millimetre-wave wireless communications

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Improvement of 5G performance through network densification in millimetre wave band

Improvement of 5G performance through network densification in millimetre wave band

requirements. These devices include wireless sensor, weather and environment sensors, and vehicular communications [154]. In addition, there are wearable sensors that used to measure user health status (body temperature, blood pressure, and heart beat), these wearable devices will monitor the health of patients and will trigger an alert when health issue arises. This will help patients and General Practice (GP) to facilitate their work, improve quality of life, and reduce National Health Service (NHS) costs [155]. Such machines need to be scheduled in the next generation 5G network. Whereas the 4G system has been driven by the proliferation of devices, 5G system will be driven by massive traffic in IoT applications. With 5G, shared physical resource blocks will be allocated based on user demands, content awareness, fairness, and location [7]. Globally, around 100 million wearable devices (a sub-segment of M2M category generated 15 petabytes of monthly traffic in 2015. The major traffic growth is forecasted to occur in M2M communication. M2M communication links will reach more than %26 of total connections by 2020. M2M communication will grow at %38 in 2020 compared to 2015. Generally, more than 50 billion of machines will need to be seamlessly connected to the internet in the upcoming few years [148][155]. Solutions to cope with this massive growth comprise HetNets that include macrocells and dense small-cells (such as picocells), extend the operational frequency to higher carrier frequency in mmWave band.
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Improved capacity and fairness of massive machine type communications in millimetre wave 5G network

Improved capacity and fairness of massive machine type communications in millimetre wave 5G network

Abstract: In the Fifth Generation (5G) wireless standard, the Internet of Things (IoT) will interconnect billions of Machine Type Communications (MTC) devices. Fixed and mobile wearable devices and sensors are expected to contribute to the majority of IoT traffic. MTC device mobility has been considered with three speeds, namely zero (fixed) and medium and high speeds of 30 and 100 kmph. Different values for device mobility are used to simulate the impact of device mobility on MTC traffic. This work demonstrates the gain of using distributed antennas on MTC traffic in terms of spectral efficiency and fairness among MTC devices, which affects the number of devices that can be successfully connected. The mutual use of Distributed Base Stations (DBS) with Remote Radio Units (RRU) and the adoption of the millimetre wave band, particularly in the 26 GHz range, have been considered the key enabling technologies for addressing MTC traffic growth. An algorithm has been set to schedule this type of traffic and to show whether MTC devices completed their traffic upload or failed to reach the margin. The gains of the new architecture have been demonstrated in terms of spectral efficiency, data throughput and the fairness index.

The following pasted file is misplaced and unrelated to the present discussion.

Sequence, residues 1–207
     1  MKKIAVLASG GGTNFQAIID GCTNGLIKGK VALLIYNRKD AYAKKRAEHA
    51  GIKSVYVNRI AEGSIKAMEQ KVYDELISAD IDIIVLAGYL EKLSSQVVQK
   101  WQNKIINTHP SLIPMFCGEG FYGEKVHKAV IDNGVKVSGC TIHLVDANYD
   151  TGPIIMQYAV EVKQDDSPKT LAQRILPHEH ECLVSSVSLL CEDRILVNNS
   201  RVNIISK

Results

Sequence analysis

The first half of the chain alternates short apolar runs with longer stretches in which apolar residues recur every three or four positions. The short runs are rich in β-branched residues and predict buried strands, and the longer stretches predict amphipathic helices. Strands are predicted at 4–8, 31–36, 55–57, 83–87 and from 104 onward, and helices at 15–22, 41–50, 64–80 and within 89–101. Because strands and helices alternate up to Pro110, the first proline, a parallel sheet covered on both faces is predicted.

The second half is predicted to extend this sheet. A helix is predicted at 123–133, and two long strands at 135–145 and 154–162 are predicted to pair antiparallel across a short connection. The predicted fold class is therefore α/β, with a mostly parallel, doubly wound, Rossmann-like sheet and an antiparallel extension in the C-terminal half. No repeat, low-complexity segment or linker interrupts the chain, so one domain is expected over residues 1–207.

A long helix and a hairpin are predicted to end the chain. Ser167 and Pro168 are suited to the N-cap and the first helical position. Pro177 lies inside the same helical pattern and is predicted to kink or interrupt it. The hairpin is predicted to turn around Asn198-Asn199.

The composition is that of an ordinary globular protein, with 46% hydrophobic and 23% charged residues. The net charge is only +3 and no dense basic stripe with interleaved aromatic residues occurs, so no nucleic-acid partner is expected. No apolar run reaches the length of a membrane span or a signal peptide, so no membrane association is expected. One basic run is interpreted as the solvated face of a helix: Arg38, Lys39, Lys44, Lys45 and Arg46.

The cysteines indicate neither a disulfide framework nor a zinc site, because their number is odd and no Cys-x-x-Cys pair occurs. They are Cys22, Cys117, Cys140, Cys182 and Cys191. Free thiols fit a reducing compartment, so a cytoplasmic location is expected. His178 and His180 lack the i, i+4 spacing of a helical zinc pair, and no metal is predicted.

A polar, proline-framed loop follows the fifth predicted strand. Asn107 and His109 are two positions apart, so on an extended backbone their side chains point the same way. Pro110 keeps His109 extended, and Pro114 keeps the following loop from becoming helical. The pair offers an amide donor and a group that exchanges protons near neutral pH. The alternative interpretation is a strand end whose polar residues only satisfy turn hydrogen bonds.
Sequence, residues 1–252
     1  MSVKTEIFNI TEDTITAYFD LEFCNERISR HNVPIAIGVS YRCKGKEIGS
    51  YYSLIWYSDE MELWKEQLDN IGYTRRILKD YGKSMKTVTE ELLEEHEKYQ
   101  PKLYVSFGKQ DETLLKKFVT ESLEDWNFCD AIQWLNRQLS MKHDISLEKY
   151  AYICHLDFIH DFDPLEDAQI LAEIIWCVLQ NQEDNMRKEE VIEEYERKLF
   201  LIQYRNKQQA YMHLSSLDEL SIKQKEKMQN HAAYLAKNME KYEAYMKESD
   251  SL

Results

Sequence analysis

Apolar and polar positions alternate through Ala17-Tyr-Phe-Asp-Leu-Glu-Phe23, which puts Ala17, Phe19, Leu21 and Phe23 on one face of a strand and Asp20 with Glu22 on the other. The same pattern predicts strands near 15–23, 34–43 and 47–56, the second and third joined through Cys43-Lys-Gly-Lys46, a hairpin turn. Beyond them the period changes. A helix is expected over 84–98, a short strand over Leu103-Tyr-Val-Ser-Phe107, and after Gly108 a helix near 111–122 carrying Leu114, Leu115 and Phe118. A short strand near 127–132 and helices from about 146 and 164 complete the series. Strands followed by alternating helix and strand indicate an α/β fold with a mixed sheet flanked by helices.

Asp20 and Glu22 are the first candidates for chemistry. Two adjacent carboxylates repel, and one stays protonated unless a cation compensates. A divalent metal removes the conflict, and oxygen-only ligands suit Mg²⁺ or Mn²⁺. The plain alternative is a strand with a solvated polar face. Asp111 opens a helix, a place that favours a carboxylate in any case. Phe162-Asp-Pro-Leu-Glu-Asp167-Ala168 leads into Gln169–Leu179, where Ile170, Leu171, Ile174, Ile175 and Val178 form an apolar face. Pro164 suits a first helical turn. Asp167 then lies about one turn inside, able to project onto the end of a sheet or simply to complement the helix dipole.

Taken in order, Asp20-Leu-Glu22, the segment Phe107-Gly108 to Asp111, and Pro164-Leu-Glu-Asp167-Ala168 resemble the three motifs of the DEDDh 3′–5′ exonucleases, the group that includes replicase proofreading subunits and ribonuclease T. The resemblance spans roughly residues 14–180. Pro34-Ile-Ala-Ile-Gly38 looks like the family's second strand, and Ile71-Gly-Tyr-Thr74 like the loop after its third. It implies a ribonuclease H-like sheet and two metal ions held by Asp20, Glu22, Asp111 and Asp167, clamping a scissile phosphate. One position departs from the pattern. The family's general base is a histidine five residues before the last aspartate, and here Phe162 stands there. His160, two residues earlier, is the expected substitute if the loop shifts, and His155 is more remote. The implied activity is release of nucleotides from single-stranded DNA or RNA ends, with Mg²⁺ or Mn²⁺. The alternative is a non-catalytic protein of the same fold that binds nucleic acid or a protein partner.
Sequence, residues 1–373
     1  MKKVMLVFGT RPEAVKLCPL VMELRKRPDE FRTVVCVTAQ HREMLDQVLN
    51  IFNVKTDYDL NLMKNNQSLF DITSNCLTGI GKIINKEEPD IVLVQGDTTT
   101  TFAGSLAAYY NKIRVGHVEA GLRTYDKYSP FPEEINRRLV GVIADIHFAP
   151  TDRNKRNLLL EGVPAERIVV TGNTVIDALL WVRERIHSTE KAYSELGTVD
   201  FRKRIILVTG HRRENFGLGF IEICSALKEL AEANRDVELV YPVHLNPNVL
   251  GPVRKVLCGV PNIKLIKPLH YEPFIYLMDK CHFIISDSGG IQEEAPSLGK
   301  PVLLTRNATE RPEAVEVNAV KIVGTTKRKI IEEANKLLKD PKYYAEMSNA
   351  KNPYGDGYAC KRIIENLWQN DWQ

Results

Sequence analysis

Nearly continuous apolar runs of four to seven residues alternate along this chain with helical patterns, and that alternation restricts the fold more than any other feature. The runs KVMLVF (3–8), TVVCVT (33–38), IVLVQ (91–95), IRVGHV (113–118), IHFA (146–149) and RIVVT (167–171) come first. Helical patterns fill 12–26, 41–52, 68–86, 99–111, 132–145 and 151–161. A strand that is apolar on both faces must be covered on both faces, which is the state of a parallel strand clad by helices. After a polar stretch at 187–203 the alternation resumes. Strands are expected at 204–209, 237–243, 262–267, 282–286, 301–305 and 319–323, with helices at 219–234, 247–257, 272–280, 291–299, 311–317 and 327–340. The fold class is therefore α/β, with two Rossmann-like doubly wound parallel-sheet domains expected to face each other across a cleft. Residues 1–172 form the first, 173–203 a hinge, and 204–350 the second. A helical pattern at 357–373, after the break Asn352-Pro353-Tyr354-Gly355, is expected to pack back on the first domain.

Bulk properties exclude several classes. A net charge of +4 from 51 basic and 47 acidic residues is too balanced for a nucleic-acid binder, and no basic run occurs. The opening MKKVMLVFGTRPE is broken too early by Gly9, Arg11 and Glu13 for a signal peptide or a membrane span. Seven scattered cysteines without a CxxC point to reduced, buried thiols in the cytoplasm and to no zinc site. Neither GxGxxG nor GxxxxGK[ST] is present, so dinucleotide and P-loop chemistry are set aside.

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Millimetre-Wave Fibre-Wireless Technologies for 5G Mobile Fronthaul

Millimetre-Wave Fibre-Wireless Technologies for 5G Mobile Fronthaul

The LTE mobile broadband since its standardisation by the Third Generation Partnership Project (3GPP) has been widely deployed by most service providers around the world. The introduction of LTE marked a paradigm shift in mobile broadband with the adoption of orthogonal frequency division multiple access (OFDMA) and single carrier frequency division multiplexing access (SC-FDMA), which are based on orthogonal frequency division multiplexing (OFDM) as the downlink (DL) and uplink (UL) access technology [3]. Techniques such as higher order modulation as well as multiple input multiple output (MIMO) spatial multiplexing are employed to improve spectral efficiency (SE) and increase network capacity. The peak throughput of LTE is 300Mbps and 75Mbps in DL and UL, respectively. In order to meet the International Telecommunication Union (ITU) recommendations for 4G mobile communications as defined in the International Mobile Telecommunication-Advanced (IMT-Advanced), LTE-Advanced (LTE-A) was specified in Rel. 10 by the 3GPP [4]. As an enhancement to LTE specified in Rel. 8, LTE-A was envisioned to provide a much higher peak data rate of up to 1Gbps and 500Mbps in the DL and UL, respectively [5]. The main feature of LTE-A is that it allows the combination of up to 5 component carriers (CCs) in a technique referred to as carrier-aggregation (CA). Therefore, a maximum of 100MHz can be realised by CA using five 20MHz LTE channels. CA can be achieved within the same band using a contiguous or non-contiguous stream of channels or between channels from two different bands. In addition, new techniques such as coordinated multipoint (CoMP) and higher order MIMO was introduced to improve SE and throughput. While LTE can support 4x4 MIMO configurations, LTE-A has the capability for 8x8 MIMO. Furthermore, LTE-A supports heterogeneous networks (HetNets) with coexisting Macro, Micro and Pico cells in the same infrastructure. Recently, LTE-A Pro was ratified by the 3GPP in Rel. 13 [6], to support the ever-growing demand for wireless resources as well as the emerging new class of services requiring more flexible network planning. An example of such service is the narrowband IoT (NB-IoT). The main feature in LTE-A Pro is the exploitation of unlicensed 5GHz band, which enables the support for up to 32 CCs in CA as well as higher order modulation (i.e. 256QAM) [6]. Evidently, more bandwidth is required in order to provide ubiquitous and high capacity services that meet mobile users’ growing demand.